Peter Nygard's lavish Caribbean home hasn't turned out to be an idyllic retreat.
The Finnish-born Canadian women's-wear manufacturer's Mayan-themed estate in a gated community in the Bahamas' Lyford Cay has been featured on Lifestyles of the Rich and Famous and Oprah.
But the 14,000-square-metre complex was largely destroyed by fire in 2009, and has figured in a feud with one of Nygard's wealthy neighbours.
Now that dispute has left the millionaire sole-owner of Nygard International facing a possible jail sentence for contempt of court related to that spat.
The Globe and Mail reports that a Bahamas Supreme Court court has ordered Nygard to pay the equivalent of $49,000 for ignoring a judge's order not to alter a disputed roadway to his home. He must also restore the road to its original state.
If he doesn't comply within two weeks, Nygard could be imprisoned for 30 days, the Globe said.
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Nygard and Louis Bacon, the billionaire boss of Moore Capital Management, a New York-based hedge fund, haven't exactly been sharing gardening tips over the back fence.
The two have met in court in the past, the Globe said, over complaints about Nygard's allegedly loud parties and Bacon's retaliation with loudspeakers turned up to 11.
Nygard has also alleged Bacon and other residents of Lyford Cay conspired to use a former FBI agent to plant unflattering stories about the Winnipeg entrepreneur in a segment of CBC's "Fifth Estate."
The Globe reported Bacon has since put his estate up for sale at an asking price of US$35-million.
The contentious road leading to Nygard's estate is on Bacon's property. Nygard claims he has an easement giving him a right-of-way but his opponents say he's made unilateral changes to the road.
The Bahamian court ruled Monday Nygard breached a June 13 court order to do no work on the roadway until the right-of-way dispute is settled, maintaining a sign pointing to his property — called Nygard Cay — as well as removing coral stones, destroying plants and blacktopping the road in front of his gate, the Globe said.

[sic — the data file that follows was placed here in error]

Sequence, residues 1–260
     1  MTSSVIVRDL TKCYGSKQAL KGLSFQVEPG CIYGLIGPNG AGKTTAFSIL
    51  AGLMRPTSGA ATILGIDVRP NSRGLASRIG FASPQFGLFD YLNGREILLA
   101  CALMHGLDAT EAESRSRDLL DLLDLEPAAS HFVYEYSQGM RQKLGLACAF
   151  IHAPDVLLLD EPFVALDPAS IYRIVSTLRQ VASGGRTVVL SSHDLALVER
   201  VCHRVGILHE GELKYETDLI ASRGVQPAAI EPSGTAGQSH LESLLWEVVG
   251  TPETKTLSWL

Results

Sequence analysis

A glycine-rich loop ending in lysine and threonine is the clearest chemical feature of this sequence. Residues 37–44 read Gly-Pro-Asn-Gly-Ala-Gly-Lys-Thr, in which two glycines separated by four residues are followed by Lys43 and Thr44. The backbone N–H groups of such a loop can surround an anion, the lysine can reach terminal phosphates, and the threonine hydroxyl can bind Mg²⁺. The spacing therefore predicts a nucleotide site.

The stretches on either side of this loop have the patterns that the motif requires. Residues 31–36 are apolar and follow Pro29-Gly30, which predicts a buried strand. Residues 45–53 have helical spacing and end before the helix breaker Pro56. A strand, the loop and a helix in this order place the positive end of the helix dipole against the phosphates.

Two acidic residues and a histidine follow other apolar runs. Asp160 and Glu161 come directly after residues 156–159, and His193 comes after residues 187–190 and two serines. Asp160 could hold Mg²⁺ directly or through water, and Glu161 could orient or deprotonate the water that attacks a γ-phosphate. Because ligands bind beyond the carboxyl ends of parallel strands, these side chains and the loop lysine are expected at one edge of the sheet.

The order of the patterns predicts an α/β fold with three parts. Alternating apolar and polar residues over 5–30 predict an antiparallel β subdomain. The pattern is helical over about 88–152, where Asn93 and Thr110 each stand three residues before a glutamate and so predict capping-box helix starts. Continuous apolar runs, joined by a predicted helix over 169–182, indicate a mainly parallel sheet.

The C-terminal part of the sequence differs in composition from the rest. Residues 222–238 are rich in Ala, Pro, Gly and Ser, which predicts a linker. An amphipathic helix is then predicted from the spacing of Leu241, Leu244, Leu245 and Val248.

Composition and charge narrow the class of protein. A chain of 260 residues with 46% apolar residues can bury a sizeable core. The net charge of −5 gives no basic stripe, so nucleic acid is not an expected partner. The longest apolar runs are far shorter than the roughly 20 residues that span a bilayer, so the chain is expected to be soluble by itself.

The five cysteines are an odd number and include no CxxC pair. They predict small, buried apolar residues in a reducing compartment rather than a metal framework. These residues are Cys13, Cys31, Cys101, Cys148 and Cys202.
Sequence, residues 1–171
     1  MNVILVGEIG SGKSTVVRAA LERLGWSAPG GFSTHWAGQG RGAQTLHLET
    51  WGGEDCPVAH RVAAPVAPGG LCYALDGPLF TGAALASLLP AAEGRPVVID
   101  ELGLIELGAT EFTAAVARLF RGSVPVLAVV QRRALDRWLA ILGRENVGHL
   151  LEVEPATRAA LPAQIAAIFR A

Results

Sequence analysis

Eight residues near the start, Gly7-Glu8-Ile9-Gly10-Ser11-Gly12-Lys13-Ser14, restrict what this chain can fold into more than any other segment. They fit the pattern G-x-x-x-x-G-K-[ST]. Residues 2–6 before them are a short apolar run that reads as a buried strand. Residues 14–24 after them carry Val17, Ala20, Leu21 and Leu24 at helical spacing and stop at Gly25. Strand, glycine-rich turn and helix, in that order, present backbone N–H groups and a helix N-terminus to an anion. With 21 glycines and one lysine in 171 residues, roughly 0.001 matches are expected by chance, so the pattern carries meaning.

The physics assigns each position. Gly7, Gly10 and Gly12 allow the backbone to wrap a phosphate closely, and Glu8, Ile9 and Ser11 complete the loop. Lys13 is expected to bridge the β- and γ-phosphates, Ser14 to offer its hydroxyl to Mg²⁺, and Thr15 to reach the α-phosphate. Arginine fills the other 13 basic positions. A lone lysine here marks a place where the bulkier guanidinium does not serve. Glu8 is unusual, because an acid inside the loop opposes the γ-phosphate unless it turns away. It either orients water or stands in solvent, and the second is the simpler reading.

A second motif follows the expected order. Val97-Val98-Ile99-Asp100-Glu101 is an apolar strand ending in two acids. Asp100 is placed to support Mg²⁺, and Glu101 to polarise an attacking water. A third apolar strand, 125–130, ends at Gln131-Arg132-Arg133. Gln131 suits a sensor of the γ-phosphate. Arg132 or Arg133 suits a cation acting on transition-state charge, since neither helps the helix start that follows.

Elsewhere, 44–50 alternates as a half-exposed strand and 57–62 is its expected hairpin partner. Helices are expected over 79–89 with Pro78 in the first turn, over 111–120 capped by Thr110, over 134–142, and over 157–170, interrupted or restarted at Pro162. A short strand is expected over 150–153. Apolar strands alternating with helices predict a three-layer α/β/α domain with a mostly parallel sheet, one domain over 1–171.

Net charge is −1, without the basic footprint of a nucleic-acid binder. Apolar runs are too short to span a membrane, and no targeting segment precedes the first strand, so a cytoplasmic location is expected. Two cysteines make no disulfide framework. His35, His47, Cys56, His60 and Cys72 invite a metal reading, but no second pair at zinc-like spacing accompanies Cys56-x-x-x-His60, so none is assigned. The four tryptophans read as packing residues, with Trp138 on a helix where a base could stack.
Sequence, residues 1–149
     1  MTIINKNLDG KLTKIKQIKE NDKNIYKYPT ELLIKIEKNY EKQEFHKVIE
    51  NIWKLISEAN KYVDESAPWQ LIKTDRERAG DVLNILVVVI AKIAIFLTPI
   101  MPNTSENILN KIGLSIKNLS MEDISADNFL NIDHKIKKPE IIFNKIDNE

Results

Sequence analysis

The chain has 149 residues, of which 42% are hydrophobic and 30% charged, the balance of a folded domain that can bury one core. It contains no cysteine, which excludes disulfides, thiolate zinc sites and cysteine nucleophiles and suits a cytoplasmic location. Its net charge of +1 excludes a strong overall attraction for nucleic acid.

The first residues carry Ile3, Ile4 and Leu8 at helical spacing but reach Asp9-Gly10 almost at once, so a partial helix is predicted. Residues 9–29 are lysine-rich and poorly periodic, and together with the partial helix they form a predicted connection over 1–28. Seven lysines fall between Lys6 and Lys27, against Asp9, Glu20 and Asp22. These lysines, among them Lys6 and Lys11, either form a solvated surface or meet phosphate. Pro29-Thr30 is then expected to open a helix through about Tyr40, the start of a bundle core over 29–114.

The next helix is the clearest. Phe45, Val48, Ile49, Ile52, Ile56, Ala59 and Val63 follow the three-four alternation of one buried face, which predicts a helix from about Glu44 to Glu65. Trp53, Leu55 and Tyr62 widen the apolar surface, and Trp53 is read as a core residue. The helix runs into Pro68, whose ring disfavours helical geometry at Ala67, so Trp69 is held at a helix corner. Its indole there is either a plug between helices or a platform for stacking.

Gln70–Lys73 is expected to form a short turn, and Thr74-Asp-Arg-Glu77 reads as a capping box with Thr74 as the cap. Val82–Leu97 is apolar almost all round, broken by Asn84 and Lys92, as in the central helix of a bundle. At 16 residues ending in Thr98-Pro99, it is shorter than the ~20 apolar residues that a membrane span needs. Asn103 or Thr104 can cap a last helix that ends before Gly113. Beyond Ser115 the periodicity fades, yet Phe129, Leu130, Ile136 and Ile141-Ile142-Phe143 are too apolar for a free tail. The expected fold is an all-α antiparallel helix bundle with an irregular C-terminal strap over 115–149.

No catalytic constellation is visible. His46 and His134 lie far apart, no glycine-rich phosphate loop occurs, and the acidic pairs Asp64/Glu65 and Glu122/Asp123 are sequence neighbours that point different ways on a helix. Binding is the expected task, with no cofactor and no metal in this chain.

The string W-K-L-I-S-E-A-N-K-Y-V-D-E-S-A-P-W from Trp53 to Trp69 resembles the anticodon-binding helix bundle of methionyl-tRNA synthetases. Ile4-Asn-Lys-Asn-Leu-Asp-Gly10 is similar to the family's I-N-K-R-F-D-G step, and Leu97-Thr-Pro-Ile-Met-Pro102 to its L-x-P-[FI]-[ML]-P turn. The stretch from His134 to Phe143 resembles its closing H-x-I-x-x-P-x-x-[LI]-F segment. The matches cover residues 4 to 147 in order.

"He broke a solemn obligation to the court," Justice Stephen Isaacs wrote in his decision. "It matters not that a party passionately believes in his case, self help justice ... must be stopped."
The Bahamas Tribune noted Nygard and Bacon have been fighting in court for the last six years. Neither was present for the ruling.
Nygard's lawyer told the court his client was prepared to undo all the work on the roadway, the Tribune said.
Nygard, 68, is one of Canada's most flamboyant, some would say ruthless, businessmen. He turned a small women's clothing manufacturer into a major international success, selling durable and affordable fashions in department stores such as Sears and the U.S. Dillard's chain. His company has more than 10,000 employees worldwide.
But his climb to the top has been bumpy. A 2010 Forbes magazine feature chronicles allegations of sexual harassment, a charge of rape that was later dropped, a legal run-in with a former partner and episodes of high-handedness with employees of his company and at his Bahamas estate.
Nygard tried unsuccessfully in court to derail the Fifth Estate segment about him by alleging copyright infringement when they filmed a Nygard fashion show.
Nygard was married briefly in the 1970s but has fathered seven children with four different women, according to Forbes.
His alleged sexual proclivities came up in a California court case filed by model Yves-Lauren Crump, who sued a blogger for claiming in 2010 that the fashion magnate had paid her for kinky sex, according to the web site Opposing Views.